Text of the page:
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One, that he was forty years old at the precise period of visiting the children of Israel, his brethren. The other, that he was learned in all the wisdom of the Egyptians. The latter of these circumstances is not only highly probable, as being the adopted son of Pharaoh's daughter; but, if we may judge from his character and conduct afterwards, necessarily true.

Again, the account given by St. Paul differs slightly from both of these ; but is still characterized by the same simplicity and conciseness.“ By faith (that is, by the faith of his parents) Moses, when he was born, was hid

hid three months, because they saw he was proper child; and they were not afraid of the king's commandment. By faith (that is, by his own faith) Moses, when he was come to years, refused to be called the son of Pharaoh's daughter, choosing rather to suffer affliction with the people of God, than to enjoy the pleasures of sin for a season ; esteeming the reproach of Christ greater riches than the treasures in Egypt: for he had re


bered among

spect unto the recompense of the reward." Here, then, we have a new fact, which is, that Moses made a deliberate selection between the dictates of conscience, and the allurements of riches and power, with all the sensual pleasures which these could bestow. He desired to be num


poor, despised, enslaved, and degraded people of God, rather than to hold the highest rank among their oppressors. This circumstance, too, is not only probable, but certainly true; for it is evident, from the narrative in Exodus, that his separation from the Egyptians was voluntary.

Now, it is not the least remarkable circumstance, that we have the power of comparing the narratives thus given, by the Lawgiver himself, by the martyr and by the apostle, with that of Josephus, a man of learning, and a Jewish priest, who wrote not many years after the time of St. Paul. And any one who ever perused the absurd exaggerations of national vanity, and the showy embellishments of the uninspired historian, must have turned

with tenfold delight and conviction to the simple and unpretending language of Scripture and of truth.

Before proceeding in our reflections upon this subject, there is one expression in the text which seems to require some explanation. “ Moses esteemed the reproach of Christ greater riches than the treasures in Egypt.” We may ask, how could Moses, so many years before the coming of Christ, choose or endure the reproach of Christ? The mode of expression appears more suited to the ages of the apostles and of the Gospel, than to that of the patriarchs or of the law. And so it does, undoubtedly, as far as the mode of expression is concerned; but in substance and signification it applies as strongly to the patriarchs and to Moses, as it does to the apostles and disciples of Christ. The Jewish government was a theocracy. The Jews were the people of God : Christ was their king : they were blessed with his continual presence, and favour, and protection : He was their guide and their support; and therefore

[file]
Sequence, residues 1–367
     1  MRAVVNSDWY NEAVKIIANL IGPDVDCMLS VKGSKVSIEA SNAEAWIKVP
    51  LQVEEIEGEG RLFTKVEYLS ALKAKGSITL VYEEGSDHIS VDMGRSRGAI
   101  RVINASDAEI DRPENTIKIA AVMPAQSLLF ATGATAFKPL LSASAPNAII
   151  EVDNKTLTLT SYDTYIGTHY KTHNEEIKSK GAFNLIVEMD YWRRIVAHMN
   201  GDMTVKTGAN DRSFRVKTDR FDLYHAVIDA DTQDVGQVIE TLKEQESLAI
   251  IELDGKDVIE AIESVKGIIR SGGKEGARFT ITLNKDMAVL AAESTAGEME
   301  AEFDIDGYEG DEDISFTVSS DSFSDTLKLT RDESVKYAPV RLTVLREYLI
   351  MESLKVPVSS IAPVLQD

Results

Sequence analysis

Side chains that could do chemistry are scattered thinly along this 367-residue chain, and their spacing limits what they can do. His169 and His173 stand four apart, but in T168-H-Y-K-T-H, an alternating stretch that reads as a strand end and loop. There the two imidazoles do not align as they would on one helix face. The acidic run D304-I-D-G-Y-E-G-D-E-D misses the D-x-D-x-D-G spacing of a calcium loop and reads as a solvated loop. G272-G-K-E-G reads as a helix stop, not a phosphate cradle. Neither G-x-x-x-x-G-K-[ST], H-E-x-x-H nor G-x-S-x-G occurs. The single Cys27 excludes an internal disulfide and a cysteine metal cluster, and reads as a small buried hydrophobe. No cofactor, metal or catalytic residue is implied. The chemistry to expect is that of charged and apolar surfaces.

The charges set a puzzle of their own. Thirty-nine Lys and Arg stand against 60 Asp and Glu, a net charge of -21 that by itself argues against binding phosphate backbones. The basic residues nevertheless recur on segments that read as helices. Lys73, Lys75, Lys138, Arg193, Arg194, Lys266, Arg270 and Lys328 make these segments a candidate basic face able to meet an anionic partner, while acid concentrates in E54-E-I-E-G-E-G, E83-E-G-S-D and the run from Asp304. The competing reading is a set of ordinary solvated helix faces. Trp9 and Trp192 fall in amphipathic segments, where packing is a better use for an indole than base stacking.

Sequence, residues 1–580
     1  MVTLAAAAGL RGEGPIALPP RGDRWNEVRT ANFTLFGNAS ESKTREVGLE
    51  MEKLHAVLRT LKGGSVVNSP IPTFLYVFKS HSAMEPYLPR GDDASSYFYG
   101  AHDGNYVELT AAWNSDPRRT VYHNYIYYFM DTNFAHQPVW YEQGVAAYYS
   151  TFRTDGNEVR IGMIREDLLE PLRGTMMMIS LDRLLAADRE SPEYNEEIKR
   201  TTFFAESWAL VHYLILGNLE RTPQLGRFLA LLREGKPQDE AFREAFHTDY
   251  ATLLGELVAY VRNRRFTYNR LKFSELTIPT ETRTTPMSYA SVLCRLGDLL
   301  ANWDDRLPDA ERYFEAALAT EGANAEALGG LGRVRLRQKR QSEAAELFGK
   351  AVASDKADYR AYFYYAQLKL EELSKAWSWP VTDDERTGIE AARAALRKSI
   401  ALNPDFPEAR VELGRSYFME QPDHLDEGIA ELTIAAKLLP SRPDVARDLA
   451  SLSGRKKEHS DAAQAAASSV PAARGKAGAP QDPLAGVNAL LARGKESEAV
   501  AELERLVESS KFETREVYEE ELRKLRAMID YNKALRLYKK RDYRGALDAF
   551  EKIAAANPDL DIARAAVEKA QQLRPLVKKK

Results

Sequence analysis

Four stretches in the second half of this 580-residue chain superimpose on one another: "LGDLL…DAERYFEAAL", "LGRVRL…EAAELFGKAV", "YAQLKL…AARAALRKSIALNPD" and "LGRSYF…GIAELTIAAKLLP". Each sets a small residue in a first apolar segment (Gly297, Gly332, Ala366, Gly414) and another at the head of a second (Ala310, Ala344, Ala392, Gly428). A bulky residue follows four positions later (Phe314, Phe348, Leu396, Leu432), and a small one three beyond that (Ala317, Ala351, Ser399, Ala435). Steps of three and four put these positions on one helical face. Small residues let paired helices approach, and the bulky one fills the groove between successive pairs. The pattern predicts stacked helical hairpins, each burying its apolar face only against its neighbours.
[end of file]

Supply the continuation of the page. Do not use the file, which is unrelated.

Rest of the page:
the sufferings of Israel were the sufferings of Christ, the reproach of Israel was the reproach of Christ. “ For he said, surely they are my people, children that will not lie: so he was their Saviour. In all their affliction he was afflicted, and the angel of his presence saved them : in his love and in his pity he redeemed them; and he bare them, and carried them all the days of old!

But still further, Christ, or the Messiah, was the hope of Israel ; and that hope was as peculiar and distinctive an article of their religious belief, as the existence of the one true God. Christ was, indeed, always considered as the head of the Church in all ages; himself the author and the object of every dispensation from the beginning of time. In him Adam beheld the restorer, the deliverer, the regenerator of his fallen race; the seed of the woman which should bruise the serpent's head. By him Noah preached to the disobedient before the flood, “when once the

Isaiah lxii. 8, 9.

long-suffering of God waited.” Abraham with the eye of faith "saw his day and was glad.” The Spirit of Christ was in the prophets, " when it testified beforehand of the sufferings of Christ, and the glory that should follow 1.” Christ was with the Church in the wilderness. He was the angel, or messenger," sent before to keep them in the way, and to bring them into the place prepared.” In fact, we are wholly in error, if we suppose that Christianity is a new thing. Its full elucidation, development, and accomplishment, is, indeed, comparatively new; but Christianity itself was, essentially, as much the religion of the patriarchs and the prophets, as it is ours. They had the same faith, though not with the same evidence that we have. They had the same Saviour, though they saw him not so clearly as we do : the same promises, though they viewed them not so distinctly: the same hopes, though not with the same unclouded glory. They saw as in a glass darkly;

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